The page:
In another vote of confidence, the Philippines bagged its second investment grade rating on Thursday from global debt watcher Standard and Poor's (S&P).
S&P gave the Philippines a stable outlook and raised its credit rating to BBB- from the previous BB+.
The upgrade came only more than a month after Fitch Ratings gave the country its first investment grade.
An investment grade means the Philippines can borrow funds at a lower cost, allowing the government to save.
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"The upgrade on the Philippines reflects a strengthening external profile, moderating inflation and the government's reliance on foreign currency debt," S&P credit analyst Agost Benard said in a statement.
The Philippine economy exceeded expectations last year by accelerating growth to 6.6 percent from 3.9 percent in 2011.
"We expect the country to move into near-balanced external position because of persistent account surpluses, in which large net transfers from Filipinos working abroad more than offset ongoing trade deficits," Benard added.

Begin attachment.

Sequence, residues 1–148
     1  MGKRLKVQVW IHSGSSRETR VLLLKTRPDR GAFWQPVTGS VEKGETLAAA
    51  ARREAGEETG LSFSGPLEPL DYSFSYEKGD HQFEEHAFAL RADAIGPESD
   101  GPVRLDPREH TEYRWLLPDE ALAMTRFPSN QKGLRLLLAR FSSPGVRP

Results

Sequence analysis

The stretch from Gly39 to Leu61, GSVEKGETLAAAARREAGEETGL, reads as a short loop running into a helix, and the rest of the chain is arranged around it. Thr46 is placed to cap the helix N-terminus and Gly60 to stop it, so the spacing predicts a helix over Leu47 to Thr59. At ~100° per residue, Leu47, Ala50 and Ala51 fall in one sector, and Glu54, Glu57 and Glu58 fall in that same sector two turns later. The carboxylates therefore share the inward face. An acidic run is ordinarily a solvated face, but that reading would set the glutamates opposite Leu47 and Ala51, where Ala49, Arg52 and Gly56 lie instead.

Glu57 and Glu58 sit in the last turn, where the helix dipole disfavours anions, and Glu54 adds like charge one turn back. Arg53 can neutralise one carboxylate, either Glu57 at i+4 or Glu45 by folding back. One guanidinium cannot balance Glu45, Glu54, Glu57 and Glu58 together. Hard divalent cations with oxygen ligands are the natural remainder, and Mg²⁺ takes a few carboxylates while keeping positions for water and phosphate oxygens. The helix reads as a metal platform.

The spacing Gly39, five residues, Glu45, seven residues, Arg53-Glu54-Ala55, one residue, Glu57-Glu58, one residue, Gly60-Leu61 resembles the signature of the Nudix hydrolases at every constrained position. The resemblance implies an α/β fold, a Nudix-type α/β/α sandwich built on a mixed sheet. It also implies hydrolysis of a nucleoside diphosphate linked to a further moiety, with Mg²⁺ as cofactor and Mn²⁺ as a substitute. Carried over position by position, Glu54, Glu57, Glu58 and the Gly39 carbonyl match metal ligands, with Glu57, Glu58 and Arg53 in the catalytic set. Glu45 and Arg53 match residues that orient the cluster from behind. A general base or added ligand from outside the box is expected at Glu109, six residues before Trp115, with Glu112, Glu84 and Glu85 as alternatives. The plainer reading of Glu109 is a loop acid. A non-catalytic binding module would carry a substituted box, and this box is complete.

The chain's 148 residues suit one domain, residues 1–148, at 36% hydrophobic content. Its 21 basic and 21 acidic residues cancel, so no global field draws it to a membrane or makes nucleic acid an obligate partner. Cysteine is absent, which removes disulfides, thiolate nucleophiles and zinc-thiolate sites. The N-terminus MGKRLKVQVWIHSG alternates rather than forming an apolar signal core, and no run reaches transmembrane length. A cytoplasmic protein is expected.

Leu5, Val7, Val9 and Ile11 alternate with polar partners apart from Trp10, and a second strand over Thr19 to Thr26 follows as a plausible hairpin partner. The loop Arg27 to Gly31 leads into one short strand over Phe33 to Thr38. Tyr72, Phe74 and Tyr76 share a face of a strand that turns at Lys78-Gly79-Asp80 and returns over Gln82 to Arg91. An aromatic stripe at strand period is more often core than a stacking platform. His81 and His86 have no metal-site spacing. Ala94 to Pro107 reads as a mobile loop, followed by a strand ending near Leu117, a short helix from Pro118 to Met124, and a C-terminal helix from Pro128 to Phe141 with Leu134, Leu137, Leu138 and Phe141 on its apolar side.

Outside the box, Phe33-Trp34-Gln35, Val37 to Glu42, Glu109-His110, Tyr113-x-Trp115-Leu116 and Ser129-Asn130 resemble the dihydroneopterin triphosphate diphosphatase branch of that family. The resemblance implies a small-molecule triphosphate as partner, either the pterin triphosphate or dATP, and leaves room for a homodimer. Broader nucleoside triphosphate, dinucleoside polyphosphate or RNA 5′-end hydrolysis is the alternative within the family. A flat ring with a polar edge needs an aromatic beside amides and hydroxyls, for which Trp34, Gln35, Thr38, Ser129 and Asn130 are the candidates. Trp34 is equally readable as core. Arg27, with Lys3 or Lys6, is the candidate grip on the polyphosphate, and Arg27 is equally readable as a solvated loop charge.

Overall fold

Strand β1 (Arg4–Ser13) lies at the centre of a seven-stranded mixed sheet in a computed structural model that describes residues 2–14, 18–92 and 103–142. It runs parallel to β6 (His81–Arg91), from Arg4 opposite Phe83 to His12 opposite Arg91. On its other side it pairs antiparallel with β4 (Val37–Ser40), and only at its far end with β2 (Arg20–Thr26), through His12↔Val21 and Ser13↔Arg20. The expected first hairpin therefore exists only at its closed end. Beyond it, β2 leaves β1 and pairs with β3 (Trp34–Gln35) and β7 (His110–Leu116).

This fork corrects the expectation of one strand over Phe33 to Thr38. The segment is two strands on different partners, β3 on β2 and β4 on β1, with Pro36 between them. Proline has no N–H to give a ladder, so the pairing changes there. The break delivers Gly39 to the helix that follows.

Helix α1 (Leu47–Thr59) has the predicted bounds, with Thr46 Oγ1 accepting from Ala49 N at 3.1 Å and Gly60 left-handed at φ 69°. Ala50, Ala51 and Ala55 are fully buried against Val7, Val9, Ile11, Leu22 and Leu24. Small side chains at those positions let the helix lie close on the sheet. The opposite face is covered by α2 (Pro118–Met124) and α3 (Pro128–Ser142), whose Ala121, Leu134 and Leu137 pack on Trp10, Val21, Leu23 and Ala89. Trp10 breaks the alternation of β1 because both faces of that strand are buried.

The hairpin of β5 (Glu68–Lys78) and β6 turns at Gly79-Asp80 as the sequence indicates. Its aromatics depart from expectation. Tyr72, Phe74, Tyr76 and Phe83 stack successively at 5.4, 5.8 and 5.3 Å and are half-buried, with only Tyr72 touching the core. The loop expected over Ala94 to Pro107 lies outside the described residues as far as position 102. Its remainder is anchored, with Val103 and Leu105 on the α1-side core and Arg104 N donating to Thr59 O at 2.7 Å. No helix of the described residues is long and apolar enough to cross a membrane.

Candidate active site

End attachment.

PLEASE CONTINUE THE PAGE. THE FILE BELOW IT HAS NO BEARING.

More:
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Malacanang welcomed the upgrade, which it said is the "latest institutional affirmation of the Aquino administration’s good governance initiatives."
"It is further indicative of sustained confidence in the Philippine economy: of our collective resilience, optimism, and growing potential, amidst global economic uncertainty," presidential spokesperson Edwin Lacierda said.
Finance Secretary Cesar Purisima for his part said the ratings upgrade is "an affirmation of what the markets already recognize—that our economy's underlying soundness is on par with countries rated investment grade or higher."
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"For now, we must redouble our efforts to remove the remaining constraints to our growth if we are to reach even greater heights," Purisima said.
This, as he vowed that the government will focus on infrastructure development, ramping up social investments and further opening up the economy.
With the S&P upgrade, only one major debt watcher, Moody's Investors Service, has yet to give the country an investment grade, placing it a notch lower with a Ba1 rating.
On Wednesday, G-7 foreign ministers issued a Declaration on Maritime Security expressing alarm over “unilateral actions, such as large scale land reclamation, which change the status quo and increase tensions” in the region. In their communiqué, which did not specifically mention China, the ministers expressed belief that reclamation activities were meant to “change the status quo” in the West Philippine Sea and South China Sea, through which 40 percent of global trade passes. …